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How to meet seemingly impossible project deadlines

It is reported that only around half of all projects come in on time. Seemingly impossible deadlines are the downfall of many projects, and late delivery is reported to be the reason why projects fail to an extent 49 percent of the time.

So, what action can we take when deadlines are fast approaching? Here we look at the tactics project professionals can adopt in order to complete projects on time, even when the odds are stacked against them.

Be realistic from the start

The first, and arguably most important step to meeting any deadline, is to be realistic about its achievability from the get-go. Take the time at the project initiation stage to set out what resources and budget are available to the project and map out whether meeting the deadline is possible. If it’s not, recognise this, and take action.

Going back to senior management and stakeholders with the news that the project meeting their deadline is impossible will cause disappointment, but it is by far the better option than inevitably missing the deadline further down the road. Create an open dialogue with them. Maybe the project can be extended after all, or perhaps there is some extra budget available to take on more staff or resources. It is paramount that you flag the challenges and go back to seniors to negotiate.

Project managers can be particularly guilty of promising the earth when shooting to win new business. But by being realistic about the ability to meet a deadline at the pitch stage, expectations are better managed, and reputations can be saved.

Scale back the scope

If an impossible deadline is truly immovable and extra resources are out of the question, a perfect resolution can be scaling back the project scope. Again, this is best negotiated at the initiation stage of a project.

Work with your client or management on a version of the project which has a second phase. The first phase should be fully-functioning, but a paired-back spec with some ‘nice-to-have’ features removed, which can then be added and built upon as part of a follow-up project. Generally speaking this approach pleases everyone – the client gets their key deliverables by the deadline, and you get the repeat business of a second phase of the project.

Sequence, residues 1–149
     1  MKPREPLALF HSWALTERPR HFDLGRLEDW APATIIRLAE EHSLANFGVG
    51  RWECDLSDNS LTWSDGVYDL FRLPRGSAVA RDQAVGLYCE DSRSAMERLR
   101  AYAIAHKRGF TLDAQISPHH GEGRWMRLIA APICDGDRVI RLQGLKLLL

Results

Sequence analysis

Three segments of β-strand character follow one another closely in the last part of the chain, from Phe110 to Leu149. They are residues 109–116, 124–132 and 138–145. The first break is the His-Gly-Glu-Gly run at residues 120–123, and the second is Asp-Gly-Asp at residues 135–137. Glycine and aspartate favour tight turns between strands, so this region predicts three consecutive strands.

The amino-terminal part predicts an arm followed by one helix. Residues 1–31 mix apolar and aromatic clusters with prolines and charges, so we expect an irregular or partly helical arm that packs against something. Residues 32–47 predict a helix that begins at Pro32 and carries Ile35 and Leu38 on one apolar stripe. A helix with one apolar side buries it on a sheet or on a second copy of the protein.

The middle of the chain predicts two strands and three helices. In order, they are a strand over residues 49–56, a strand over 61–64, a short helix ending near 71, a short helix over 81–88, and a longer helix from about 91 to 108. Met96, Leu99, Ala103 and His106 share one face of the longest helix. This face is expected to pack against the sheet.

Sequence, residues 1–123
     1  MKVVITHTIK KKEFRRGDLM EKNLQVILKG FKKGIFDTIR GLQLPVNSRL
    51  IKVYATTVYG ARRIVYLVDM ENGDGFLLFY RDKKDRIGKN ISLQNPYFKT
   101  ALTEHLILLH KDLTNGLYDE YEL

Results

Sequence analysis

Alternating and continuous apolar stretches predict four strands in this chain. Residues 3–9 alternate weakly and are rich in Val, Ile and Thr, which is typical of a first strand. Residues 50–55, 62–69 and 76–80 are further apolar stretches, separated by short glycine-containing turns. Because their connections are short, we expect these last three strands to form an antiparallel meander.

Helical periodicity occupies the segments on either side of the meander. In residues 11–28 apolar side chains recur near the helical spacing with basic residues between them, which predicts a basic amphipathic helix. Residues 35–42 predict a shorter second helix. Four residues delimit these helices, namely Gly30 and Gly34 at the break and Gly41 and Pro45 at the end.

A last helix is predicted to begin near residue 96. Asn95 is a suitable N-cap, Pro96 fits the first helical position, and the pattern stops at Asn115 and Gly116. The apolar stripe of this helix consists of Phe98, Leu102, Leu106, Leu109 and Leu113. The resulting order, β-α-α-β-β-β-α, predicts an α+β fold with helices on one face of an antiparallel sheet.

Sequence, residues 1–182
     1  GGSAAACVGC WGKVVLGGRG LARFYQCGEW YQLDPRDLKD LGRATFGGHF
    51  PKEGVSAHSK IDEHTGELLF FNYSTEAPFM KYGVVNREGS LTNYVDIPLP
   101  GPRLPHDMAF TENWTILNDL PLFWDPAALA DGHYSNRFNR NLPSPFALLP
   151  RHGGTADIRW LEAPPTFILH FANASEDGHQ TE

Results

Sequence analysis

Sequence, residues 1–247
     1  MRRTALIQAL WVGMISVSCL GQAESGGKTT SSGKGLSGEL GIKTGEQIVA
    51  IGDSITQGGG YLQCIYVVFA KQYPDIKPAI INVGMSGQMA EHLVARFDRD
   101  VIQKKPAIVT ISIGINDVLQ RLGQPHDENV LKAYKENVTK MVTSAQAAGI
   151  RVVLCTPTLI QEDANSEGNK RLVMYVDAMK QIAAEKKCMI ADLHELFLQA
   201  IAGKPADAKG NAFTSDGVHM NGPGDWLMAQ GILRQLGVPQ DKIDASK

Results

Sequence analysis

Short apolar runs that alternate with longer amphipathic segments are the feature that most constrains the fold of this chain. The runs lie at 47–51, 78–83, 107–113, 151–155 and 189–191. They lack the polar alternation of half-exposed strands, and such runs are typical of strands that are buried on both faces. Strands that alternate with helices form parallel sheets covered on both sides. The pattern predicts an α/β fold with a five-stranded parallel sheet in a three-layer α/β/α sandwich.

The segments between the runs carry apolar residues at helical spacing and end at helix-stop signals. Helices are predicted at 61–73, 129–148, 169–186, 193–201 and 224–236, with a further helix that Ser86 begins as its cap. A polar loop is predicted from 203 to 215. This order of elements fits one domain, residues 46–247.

Again, prioritise open communication. Even if you start out full of optimism and sure you are going to complete in time only to realise half way down the line that the scope is not realistic, then ensure you communicate that to your bosses.

Upskill across the board

Generally speaking the more skilled and experienced your team are, the more successful the project will be. PMI’s Pulse of the Profession survey 2019 evidenced this when they studied the performance of PMTQ Innovators vs. PMTQ Laggards.

[PMTQ stands for Project Management Technology Quotient. TQ refers to how able a person is to adapt, manage and integrate technology based on the needs of the organization or the project at hand.]

The study measured performance of Innovators - those who prioritise digital skills and knowledge and commit to a strong project management culture, versus the laggards for whom these are less of a priority. The findings were astounding, with PMTQ innovators far more likely to complete a project on time, and meet original goals compared with PMTQ laggards.

PMTQ Innovators

The study concluded that PMTQ innovator organisations take the lead on project outcomes. They save money, improve stakeholder satisfaction rates, meet goals, and deliver on time and within budget, whilst also reducing scope creep and outright failure.

The key difference between laggards and innovators is their technology knowledge and skills, and their core Project Management capabilities. This tells us that organisations who prioritise project management skills development, provide ongoing training and have formal processes for developing competencies, are more likely to succeed.

The takeaway: by actively taking steps to upskill across the board in key areas such as core project management skills, and technology know-how, project professionals can thrive, meet deadlines, and make projects a success.

Up your resources

Extra resources can push you over budget, but if you have followed our advice to be realistic from the start, then taking on extra resources and/or extra staff can be a great option for ensuring you meet a deadline.

Having a business “little black book” of contacts who you can call upon - even at short notice - can be an invaluable resource. Your connections should include:

A bank of freelance professionals who can be the extra help you need for any given project. Freelancers are perfect for projects that need skilled professionals on a short-term basis.

Temporary office, desk, or meeting spaces - whether in a different city, or simply in addition to your existing office. WeWork and similar companies are an ideal solution for this.

Flexible technology contracts - software or hardware resource which you may not need year round but you can employ on a by-project basis, or even extra manufacturing resource which you can call upon on a temporary scale.

Having a network of contacts can be of great benefit. Be sure to have more than one contact for each skill/area in case one is unavailable, or simply because they will have differing specialisms.